The progression of knee osteoarthritis cannot slow down due to increase in vitamin D intake, reveals a recent insight.
Osteoarthritis, or OA as it is commonly called, is the most common joint disease affecting middle age and older people.
The researchers divided participants evenly into two groups.
The first group was assigned to take placebo, and the second group was assigned to take vitamin D throughout the course of the study. Participants were not told which group they had been placed in.
The researchers also performed physical function tests and X-rays on each participant at the beginning of the study and again at 12 months.
At the end of the study, researchers found no substantial differences between the two groups in the areas studied - leading them to believe that those taking vitamin D did not benefit more than those who were not.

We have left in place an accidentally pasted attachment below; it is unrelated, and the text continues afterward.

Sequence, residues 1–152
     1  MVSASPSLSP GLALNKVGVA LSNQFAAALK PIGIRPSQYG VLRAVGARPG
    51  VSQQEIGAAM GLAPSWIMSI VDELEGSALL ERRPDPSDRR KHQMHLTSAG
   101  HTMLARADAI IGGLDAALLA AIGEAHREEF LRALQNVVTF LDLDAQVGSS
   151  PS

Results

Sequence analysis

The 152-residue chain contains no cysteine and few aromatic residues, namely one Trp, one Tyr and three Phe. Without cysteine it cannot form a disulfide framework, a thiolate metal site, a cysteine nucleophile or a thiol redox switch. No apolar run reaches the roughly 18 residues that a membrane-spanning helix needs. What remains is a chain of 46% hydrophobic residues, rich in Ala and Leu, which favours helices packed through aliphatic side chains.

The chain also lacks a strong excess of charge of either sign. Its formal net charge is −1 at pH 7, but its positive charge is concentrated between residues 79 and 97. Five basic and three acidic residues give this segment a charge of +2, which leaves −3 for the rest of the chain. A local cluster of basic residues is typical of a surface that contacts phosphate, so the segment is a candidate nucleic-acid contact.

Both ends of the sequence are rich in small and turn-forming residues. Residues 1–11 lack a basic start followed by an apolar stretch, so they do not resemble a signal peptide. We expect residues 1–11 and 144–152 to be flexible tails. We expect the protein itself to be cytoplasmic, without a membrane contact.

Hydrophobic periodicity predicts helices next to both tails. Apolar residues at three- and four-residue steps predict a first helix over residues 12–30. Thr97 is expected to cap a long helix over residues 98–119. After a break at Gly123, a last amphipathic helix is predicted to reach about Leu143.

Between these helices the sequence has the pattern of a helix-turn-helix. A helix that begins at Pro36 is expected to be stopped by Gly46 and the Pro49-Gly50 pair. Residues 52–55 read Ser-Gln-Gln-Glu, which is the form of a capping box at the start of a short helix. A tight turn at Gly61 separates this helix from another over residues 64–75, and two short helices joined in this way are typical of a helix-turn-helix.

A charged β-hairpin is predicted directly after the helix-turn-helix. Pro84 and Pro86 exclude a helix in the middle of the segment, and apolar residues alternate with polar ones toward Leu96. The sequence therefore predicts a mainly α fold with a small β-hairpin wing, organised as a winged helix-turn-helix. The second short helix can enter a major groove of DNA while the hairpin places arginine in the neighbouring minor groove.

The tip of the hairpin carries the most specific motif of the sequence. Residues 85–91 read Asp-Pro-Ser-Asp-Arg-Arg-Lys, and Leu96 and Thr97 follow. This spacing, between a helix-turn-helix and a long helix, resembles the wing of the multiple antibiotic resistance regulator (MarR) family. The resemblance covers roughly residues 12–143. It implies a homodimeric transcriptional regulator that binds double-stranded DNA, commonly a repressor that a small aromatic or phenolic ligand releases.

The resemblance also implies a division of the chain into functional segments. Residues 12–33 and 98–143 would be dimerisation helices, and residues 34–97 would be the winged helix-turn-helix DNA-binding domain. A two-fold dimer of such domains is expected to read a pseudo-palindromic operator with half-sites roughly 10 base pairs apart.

"This study tested whether vitamin D supplementation, given over a two-year period, could influence the rate of progression of joint damage in people with knee osteoarthritis," explained Timothy McAlindon, Tufts New England Medical Center and lead investigator in the study.
The research was presented at the American College of Rheumatology Annual Scientific Meeting in Atlanta.